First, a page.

“I miss you on ‘Law & Order,” Kim Clarey yells.
“There are reruns,” Thompson replies.
“Well, senator or governor, whatever,” she smiles, “you’ll be good at anything.”
As Clarey munches her french fries at Bob’s Drive-In in northeast Iowa, she notices how Thompson looks like he does on television -- tall, avuncular, a little grayer but also a little thinner. She laughs about the horde of cameras trailing him and watches as he takes a seat at another booth.
Thompson leans forward and says to the couple he is sitting with: “Everybody needs to do something and this is something I can do.”
As of last week, that something is a presidential candidacy. And while Thompson as an actor would be the perfect choice to play a presidential candidate on film, this is for real. And somewhere, between fiction and fact, voters already have a sense they know this man, even though they hardly could. His campaign is just getting under way with this first tour of Iowa.
Americans have seen this movie before.
A quarter century ago when Ronald Reagan ran for president, many voters felt they had grown up with the Gipper. From Reagan’s films to his Saturday night show on "General Electric Theater," the onetime actor ran as the all-American boy. His character on the campaign trail mimicked the character he played in the movies.
“Thompson’s got that Reagan appeal -- a homey guy you would sit down and have a coffee with,” says Ray Randall, a retired real estate entrepreneur. “Just an average guy.”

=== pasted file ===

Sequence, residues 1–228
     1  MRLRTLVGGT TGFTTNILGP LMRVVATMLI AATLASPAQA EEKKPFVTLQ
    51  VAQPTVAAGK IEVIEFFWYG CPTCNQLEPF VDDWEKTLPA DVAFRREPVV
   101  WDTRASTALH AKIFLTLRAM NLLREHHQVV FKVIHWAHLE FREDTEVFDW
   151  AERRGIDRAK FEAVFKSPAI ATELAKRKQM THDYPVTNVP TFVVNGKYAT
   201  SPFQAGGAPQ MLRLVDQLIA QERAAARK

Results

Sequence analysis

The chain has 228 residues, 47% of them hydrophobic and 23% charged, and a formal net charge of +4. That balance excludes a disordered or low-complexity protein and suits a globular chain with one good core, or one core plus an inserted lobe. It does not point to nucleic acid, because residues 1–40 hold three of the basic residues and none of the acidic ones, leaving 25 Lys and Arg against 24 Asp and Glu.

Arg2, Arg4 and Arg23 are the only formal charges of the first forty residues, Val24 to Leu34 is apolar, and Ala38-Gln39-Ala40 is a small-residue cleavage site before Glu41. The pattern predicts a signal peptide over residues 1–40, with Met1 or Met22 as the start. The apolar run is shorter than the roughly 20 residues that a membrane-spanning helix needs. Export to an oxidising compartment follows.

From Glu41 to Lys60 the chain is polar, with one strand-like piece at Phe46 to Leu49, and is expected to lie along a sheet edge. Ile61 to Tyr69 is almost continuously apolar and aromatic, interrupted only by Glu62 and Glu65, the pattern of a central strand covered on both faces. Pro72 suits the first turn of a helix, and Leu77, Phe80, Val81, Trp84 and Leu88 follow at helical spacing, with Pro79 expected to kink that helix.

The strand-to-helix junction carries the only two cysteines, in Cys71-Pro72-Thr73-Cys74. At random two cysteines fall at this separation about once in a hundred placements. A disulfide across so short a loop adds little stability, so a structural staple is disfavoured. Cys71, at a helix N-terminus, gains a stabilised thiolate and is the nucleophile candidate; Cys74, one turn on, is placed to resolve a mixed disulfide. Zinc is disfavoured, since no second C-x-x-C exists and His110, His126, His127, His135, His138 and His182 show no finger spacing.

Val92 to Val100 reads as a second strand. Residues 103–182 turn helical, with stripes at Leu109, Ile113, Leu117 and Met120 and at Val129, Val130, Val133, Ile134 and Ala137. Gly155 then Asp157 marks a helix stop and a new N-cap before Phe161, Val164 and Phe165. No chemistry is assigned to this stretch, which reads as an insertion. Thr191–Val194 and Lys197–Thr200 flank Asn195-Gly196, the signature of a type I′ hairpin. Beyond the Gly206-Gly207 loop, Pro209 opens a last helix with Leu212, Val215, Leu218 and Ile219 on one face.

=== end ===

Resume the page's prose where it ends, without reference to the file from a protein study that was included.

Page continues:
One crucial difference: When Reagan sought the presidency he had been off the small and big screen for decades. But Thompson is still with us. Each night TNT shows reruns of “Law & Order,” in which Thompson plays the Republican district attorney Arthur Branch.
“Oh gosh, it’s enormously valuable. It creates an individual that people like who … they feel they already know,” says Thompson’s campaign manager Bill Lacy, who also worked on Reagan’s campaigns. “[His acting roles are] a huge advantage.”
Thompson campaigns as the heir to Reagan -- two small-town boys gone big, but never gone big city. He even included a photo of himself with Reagan in the biographic video that plays before most of his stump speeches, taken when the two met shortly after Thompson graduated from law school.
After the bus rolls out of Bob’s Drive-In, Thompson sits back in the leather armchair.
“It’s like I know these people,” he says, as the bus speeds past a flat horizon of cornfields. “It’s like where I grew up. It feels good. I enjoy it. This is the part of this process that I enjoy the most.”
Thompson, though, had little time for such personal conversations with voters. He sprinted from town to town over four days, driving nine hours on Friday and ending his Iowa trip where Reagan began his entertainment career as a sports announcer, in Davenport. There was little room for the impromptu conversations, the moments when Thompson not merely spoke to voters but met them.
The crowd in Mason City is heaver than at earlier stumps, perhaps 500 strong. Sandra Stone, a cafeteria worker at a local elementary school, stands on her tiptoes.
I ask what brought her to Thompson’s speech.
“I liked a lot of his positions on ‘Law & Order,’ a lot of his positions come through,” she replies. She doesn’t mention his years in the Senate, nor his time as the Senate Watergate committee minority counsel.